In the spring of 1897, Spokane, Washington’s Spokesman-Review published an exposé of its city’s thriving red light district—known as Howard Street. The newspaper lingered on distasteful scenes in variety theaters with names like the Comique or the Coeur d’Alene: Places where a man could pick up a game of keno, watch a show, and—for the cost of a drink—enjoy the flirtations of “waiter girls” in short skirts. The most controversial and profitable feature of the Howard Street varieties were their …

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Ideas

How New Mexico’s “Peons” Became Enslaved to Debt

A System Inherited From Colonial Spain Kept Americans in Servitude Even After the Civil War

By William S. Kiser
November 2, 2017

Imagine a time and place where a small debt—even just a few dollars—could translate into a lifetime of servitude not only for the debtor, but also for his or her children. For much of the 19th century, the American Southwest was just such a place. There, a system commonly called debt peonage relegated thousands of men, women, and children to years of bondage to a master.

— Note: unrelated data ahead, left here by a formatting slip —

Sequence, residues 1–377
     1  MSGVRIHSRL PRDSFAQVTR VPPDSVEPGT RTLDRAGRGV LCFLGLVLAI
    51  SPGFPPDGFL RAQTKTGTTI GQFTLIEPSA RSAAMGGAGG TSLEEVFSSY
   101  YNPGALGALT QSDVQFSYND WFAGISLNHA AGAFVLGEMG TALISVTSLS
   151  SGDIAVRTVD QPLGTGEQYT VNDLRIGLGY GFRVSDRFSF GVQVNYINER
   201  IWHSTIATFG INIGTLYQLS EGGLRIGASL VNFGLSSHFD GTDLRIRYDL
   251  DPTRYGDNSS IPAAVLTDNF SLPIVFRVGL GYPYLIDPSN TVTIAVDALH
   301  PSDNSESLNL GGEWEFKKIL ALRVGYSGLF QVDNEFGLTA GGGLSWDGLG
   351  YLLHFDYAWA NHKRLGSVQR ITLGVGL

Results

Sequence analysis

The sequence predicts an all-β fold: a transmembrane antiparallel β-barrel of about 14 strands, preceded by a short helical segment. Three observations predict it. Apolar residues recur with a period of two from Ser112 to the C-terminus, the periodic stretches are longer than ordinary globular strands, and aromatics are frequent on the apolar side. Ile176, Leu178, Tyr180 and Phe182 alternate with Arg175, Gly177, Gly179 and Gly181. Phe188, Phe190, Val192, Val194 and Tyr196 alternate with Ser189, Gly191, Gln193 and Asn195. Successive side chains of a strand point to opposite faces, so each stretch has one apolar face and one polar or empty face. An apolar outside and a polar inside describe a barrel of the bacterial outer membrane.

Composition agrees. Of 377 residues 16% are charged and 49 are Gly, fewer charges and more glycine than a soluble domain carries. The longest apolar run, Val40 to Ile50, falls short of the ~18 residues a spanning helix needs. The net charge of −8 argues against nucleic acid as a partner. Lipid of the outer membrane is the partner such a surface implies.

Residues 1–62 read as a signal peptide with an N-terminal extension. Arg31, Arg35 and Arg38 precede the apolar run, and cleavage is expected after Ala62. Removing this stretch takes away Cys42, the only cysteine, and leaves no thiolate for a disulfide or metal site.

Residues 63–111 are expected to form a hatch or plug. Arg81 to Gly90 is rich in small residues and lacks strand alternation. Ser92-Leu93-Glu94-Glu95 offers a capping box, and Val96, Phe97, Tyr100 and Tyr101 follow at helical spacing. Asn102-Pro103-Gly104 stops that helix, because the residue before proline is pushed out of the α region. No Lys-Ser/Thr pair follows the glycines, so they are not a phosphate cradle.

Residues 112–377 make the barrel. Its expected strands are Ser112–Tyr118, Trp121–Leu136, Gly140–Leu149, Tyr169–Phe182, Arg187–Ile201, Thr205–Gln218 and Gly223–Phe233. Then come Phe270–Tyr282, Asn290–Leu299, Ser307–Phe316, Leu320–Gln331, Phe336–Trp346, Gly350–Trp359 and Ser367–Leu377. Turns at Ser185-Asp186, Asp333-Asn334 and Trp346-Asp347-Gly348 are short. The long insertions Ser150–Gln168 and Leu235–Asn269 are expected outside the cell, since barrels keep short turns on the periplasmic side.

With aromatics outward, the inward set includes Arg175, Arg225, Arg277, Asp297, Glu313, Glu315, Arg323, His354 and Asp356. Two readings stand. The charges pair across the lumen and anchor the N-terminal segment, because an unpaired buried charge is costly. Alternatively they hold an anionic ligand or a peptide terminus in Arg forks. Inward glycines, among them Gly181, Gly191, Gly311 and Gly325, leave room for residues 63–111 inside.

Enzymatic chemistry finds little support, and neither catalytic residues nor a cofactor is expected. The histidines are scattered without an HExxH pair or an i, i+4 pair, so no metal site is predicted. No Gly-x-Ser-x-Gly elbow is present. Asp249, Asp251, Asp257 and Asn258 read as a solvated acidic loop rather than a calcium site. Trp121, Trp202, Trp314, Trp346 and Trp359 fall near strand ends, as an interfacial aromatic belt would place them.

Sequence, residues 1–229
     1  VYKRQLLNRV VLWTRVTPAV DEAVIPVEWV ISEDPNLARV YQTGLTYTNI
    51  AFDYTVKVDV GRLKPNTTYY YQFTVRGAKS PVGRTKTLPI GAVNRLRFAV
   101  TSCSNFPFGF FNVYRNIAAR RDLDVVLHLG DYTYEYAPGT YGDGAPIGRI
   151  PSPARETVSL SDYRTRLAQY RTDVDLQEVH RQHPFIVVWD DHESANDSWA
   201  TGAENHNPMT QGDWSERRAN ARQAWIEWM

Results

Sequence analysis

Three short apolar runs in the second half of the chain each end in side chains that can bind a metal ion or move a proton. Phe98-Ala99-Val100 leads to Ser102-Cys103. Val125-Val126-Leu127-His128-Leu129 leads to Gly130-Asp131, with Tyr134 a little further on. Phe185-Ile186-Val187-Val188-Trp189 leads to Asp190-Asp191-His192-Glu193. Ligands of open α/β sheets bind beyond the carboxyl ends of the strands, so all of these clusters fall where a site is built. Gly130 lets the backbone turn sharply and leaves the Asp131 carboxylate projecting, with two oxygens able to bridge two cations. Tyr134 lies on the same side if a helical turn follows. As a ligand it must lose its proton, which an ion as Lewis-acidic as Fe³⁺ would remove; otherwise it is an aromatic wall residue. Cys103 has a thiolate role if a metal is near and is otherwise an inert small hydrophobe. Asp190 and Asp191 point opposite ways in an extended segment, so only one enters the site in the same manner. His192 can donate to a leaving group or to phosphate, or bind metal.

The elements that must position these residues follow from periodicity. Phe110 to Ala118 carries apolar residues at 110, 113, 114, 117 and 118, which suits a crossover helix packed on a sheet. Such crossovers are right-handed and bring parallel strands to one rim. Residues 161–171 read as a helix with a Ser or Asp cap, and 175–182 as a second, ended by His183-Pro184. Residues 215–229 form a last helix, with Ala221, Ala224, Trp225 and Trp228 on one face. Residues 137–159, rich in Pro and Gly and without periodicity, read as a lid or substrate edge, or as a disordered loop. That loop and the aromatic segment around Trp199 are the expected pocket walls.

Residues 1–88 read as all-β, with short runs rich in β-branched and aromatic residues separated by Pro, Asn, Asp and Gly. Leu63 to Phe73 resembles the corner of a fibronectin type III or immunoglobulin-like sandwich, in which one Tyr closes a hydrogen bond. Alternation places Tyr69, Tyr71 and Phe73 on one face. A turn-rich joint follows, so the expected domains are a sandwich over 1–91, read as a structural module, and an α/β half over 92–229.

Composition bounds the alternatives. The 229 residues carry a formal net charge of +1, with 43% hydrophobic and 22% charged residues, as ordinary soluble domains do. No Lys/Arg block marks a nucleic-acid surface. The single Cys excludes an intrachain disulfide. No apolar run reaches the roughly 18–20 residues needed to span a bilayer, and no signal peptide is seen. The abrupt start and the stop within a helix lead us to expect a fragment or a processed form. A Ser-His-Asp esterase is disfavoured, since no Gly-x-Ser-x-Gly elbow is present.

This system of unfree labor came into existence in the 1700s, when the region was …

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Identities

When Halloween Mischief Turned to Mayhem

Nineteenth-Century Urbanization Unleashed the Nation's Anarchic Spirits

By Lesley Bannatyne
October 26, 2017

Imagine. Pre-electricity, no moon. It’s late October, and the people whisper: This is the season for witchery, the night the spirits of the dead rise from their graves and hover behind the hedges.

The wind kicks up, and branches click like skeletal finger bones. You make it home, run inside, wedge a chair against the door, and strain to listen. There’s a sharp rap at the window and when you turn, terrified, it’s there leering at you—a glowing, disembodied head …

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Identities

It’s a Bird! It’s a Plane! It’s a Positive Symbol of American Power!

Rarely an Agent of the Government, Superman Defended the 'American Way' Through Simple Decency and Acts of Charity

By Ian Gordon
October 23, 2017

I can’t really remember when I first encountered Superman. It might have been through the 1950s television series The Adventures of Superman, or it might have been in a Superman comic book—not an American comic book, but a black and white reprint, by the Australian publisher K. G. Murray.

Growing up in Australia, I learned the basic stories of American history from the pages of these Superman comics. I read about the Boston Tea Party; Nathan Hale’s patriotism; Washington crossing …